Clemson proved many doubters wrong in Week 1 of the college football season, leaving Atlanta with an impressive 26-19 victory over Auburn. It was the Tigers' first win in Atlanta since 2003 when they beat Tennessee in the Peach Bowl.
With an improving offense led by second-year coordinator Chad Morris and a defense learning under first-year Brent Venables, let's talk about what we learned about the Tigers from their opening-game victory.
The most-discussed subject of Clemson's offseason was the state of its offensive line, which was replacing three starters. Stepping into that void against Auburn were inexperienced sophomores David Beasley at left guard and Gifford Timothy at right tackle. along with converted defensive tackle Tyler Shatley at right guard.
The newly configured line performed well in its debut, although it took a while to settle down early in the game, drawing several false starts and giving up four sacks. But part of that can be attributed to Auburn's constant blitzing.
The play of the line improved as the game progressed. The line did not surrender a sack in the second half and paved the way for a powerful rushing attack that gained 320 yards.
If this group can improve a little on pass protection and continue to jell as a unit, this offense could become one of the best in the nation.
With his 231 rushing yards, Andre Ellington took full control of Clemson's running game. He showed us all that when he's healthy, he is a relentless back who is hard for anyone to bring down.
Ellington's decision to return for his senior season has already paid off for the Tigers. His balance, vision and hard running were huge factors in the win against Auburn, which never really slowed him down.
Ellington averaged a whopping 8.9 yards per carry and kept the Tigers' offense out of too many third-and-long situations.
Ellington stepped it up in the absence of Sammy Watkins. He made a serious case as the Tigers' best offensive weapon.
Saturday night, new defensive coordinator Brent Venables' defense took center stage against a new Auburn offense. And while the defense did have its hiccups, it showed plenty of potential.
Aside from a 70-yard bomb, the defense did not give up any more touchdowns and kept Auburn out of the end zone, holding it to four field goals. The defense also managed to keep quarterback Kiehl Frazier contained in the pocket, never allowing him to get into any kind of scrambling rhythm.
The front seven was more disciplined in controlling the gaps, but the defense still needs work in pass coverage and being more aggressive when attacking the run.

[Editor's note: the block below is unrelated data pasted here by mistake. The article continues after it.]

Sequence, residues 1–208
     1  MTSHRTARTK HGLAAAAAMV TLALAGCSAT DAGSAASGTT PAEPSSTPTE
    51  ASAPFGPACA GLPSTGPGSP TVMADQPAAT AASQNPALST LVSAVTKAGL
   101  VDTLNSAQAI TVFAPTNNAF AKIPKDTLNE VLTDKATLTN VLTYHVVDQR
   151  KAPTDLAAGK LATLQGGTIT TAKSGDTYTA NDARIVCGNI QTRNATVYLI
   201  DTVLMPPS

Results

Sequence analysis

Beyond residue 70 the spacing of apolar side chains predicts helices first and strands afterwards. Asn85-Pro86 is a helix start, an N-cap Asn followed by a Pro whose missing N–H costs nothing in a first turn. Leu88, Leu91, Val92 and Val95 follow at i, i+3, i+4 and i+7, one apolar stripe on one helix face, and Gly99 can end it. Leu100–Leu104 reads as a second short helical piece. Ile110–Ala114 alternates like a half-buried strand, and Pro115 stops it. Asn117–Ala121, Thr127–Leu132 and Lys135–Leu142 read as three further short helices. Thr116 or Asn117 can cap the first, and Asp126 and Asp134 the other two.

The other major concern this offseason was the defensive line, where the Tigers also had untested players after Tyler Shatley moved to right guard.
Against Auburn, the defensive line got enough push to keep the Plainsmen on their toes. The rotation of Deshawn Williams, Grady Jarrett, Josh Watson, D.J. Reader, and Carlos Watkins was effective. At defensive end, the surprising hero was Vic Beasley, the journeyman who seems to have found a home. He split time with starter Corey Crawford and saw most of his time in passing situations.
The defensive line had its moments, but given more time and experience, this line could become one of Clemson's best. This group is not to be underestimated, especially having handled itself well against a more experienced Auburn offensive line.
Coming into his second as a starter, Tajh Boyd looked like a different quarterback against Auburn. Despite one fumble and a tipped interception, Boyd made great decisions with the football. He looked more comfortable in the offense, more comfortable as a runner, and had the look of a leader.
This offense will go as Boyd goes. And without Sammy Watkins, Boyd still led this offense to 528 total yards. He did plenty with his legs, eluding pressure and buying second chances in the pocket with his improved mobility.
A better Boyd gives the Tigers another threat for this already potent offense.
In the offseason, with so many skill players coming back but Clemson struggling to establish a running game, second-year offensive coordinator Chad Morris studied the offenses at Nevada and Oklahoma State, especially their use of the Pistol Formation, where the running back lines up directly behind the quarterback in the shotgun.
That formation was unveiled by Clemson in its season opener. The result: 320 rushing yards.
Morris called a great game, getting the ball out of Boyd's hands on quick-hitting passes early in the game to establish some rhythm and get the offensive line settled down. Then he fed the ball to his playmakers—running back Andre Ellington and receiver Deandre Hopkins.
Morris and his quick-tempo spread offense continues to impress. Clemson ran 87 plays from scrimmage against Auburn.
And he did it all without one of his best receivers.
Coming in, Brandon Ford was the starter, replacing NFL tight end Dwayne Allen. But his first outing was not a good one. He dropped many passes that would have been first downs and even dropped one that was a touchdown.
Against Auburn, the tight ends did not pose a receiving threat. As a converted wide receiver, that was supposed to be Ford's strength.
Sam Cooper attempted a catch, but missed the ball and tipped it, resulting in an interception. The coaches need to get this resolved quickly, as a tight end who is a receiving threat can give Chad Morris mismatches against linebackers and defensive backs, and make this offense even more explosive.